Look closely: These Hawaiian shirts depict our plastic-polluted oceans

Originally published at: https://boingboing.net/2018/06/23/look-closely-these-hawaiian-s.html


Neat designs, but a limited edition seems counterproductive if they really wanted to raise awareness of ocean pollution.


sold out =(

sold out quickly… maybe they will do another or similar run? I’d definitely buy/wear one.

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Wait, so it’s made from ocean plastic? So it’s contributing to the very problem it seeks to raise awareness of? (Now isn’t that ironic.) Apparently fibers from synthetic clothing make up a significant portion of the plastic in oceans and waterways. In some places, something like 80% of plastic contamination comes from the fibers shed by laundered clothing that is passed along through treated sewage water. It’s less in oceans but still significant. This is the further irony of these kinds of projects (it’s not the only one that’s done this); they don’t fundamentally understand the problem, mis-educate people about the problem, and directly contribute to making the problem worse.

How does pulling plastic out of the ocean and making a shirt out of it contribute to the problem of plastic in the ocean?

Now, pulling oil out of the ground, making it into plastic, and then making a shirt out of that plastic-- that might be a little problematic.


Synthetic fiber clothing is presumably washed - and every time it’s washed, it sheds plastic micro-fibers (the most dangerous form, environmentally speaking, as it ends up in everything), right back into waterways and the ocean (or ground, i.e. drinking, water). Over its life, it sheds a significant portion of its weight. For all the environmental costs of other types of fabric, synthetics are turning out to be the worst. (I’m also wondering how much is actually ocean plastic - ocean plastic tends to be a very poor candidate for recycling because it’s degraded by exposure to the elements. Also I suspect it’s plastic recovered soon after it went into the water, where it should be getting scooped up anyways.)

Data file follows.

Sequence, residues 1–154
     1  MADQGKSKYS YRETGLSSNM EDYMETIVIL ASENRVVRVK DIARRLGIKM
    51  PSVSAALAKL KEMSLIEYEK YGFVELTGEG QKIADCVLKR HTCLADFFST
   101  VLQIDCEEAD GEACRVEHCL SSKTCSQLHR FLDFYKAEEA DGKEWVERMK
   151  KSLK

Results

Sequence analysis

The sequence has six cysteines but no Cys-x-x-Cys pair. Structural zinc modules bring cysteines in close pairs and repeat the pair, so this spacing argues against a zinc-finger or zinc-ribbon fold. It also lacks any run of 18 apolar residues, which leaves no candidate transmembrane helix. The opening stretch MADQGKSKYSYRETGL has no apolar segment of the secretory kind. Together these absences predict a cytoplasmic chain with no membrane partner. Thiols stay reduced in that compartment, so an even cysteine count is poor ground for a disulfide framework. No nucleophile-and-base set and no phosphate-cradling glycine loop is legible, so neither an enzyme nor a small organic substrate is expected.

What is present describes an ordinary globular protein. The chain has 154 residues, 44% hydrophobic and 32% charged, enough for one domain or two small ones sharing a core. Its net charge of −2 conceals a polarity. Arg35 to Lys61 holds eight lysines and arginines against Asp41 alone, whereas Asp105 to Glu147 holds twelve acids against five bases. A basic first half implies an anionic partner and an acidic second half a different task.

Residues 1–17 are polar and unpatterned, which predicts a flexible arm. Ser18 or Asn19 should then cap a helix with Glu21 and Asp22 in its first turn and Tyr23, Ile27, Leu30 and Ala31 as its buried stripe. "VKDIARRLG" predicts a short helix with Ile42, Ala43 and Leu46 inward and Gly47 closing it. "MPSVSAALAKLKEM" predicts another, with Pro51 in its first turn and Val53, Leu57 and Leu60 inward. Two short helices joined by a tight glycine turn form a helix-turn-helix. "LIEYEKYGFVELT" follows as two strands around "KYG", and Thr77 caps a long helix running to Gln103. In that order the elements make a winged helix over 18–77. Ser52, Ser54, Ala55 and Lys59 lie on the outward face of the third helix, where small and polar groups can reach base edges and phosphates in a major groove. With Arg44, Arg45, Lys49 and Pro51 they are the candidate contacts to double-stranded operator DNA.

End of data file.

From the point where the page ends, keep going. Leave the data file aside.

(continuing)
Even if “significant” ends up meaning “half the shirt ends up back in the ocean,” half of it must have gone somewhere else-- landfill, civic waste burner, etcetera. As far as plastic in the ocean goes, it’s still a win. Can’t speak to how much energy it look to pull the plastic OUT of the ocean to make the fabric, though; you get one answer if you swipe some bags and six-pack rings out of an estuary with a gill net, and another much larger one if you’re pumping metric tons of seawater through sand to filter out microplastics.

I mean, I groove on the whole let’s-not-make-things-worse-while-trying-to-help deal. Most if not all Good Idea Fairy schemes to actively clean up things like the Great Pacific Garbage Patch will do more harm than good, so it’s wise to keep an eye on a related project to see if it’s being handled with the same lack of attention to thermodynamics and such. But I’m not seeing any red flags.


The store comes up as a malicious link infected with “HEUR:Trojan.Script.Generic.” Kinda like our ocean is with plastics? Anyone else getting that warning?

Well, I mean obviously the plastic for this came out of netting some plastic in an estuary - and it’s going to be impossible to deal with it once it’s turned into microplastics. So even if 3/4 ends up in a landfill, I’m not sure it’s a net win (no pun intended). More than that, I see efforts like this indirectly contributing to the “more harm than good” solutions, because it just perpetuates the whole “ocean plastic is large pieces floating on top of the water in a big pile in the middle of the Pacific” narrative that spawns those harmful solutions (and prevents people from seeing how harmful they are).

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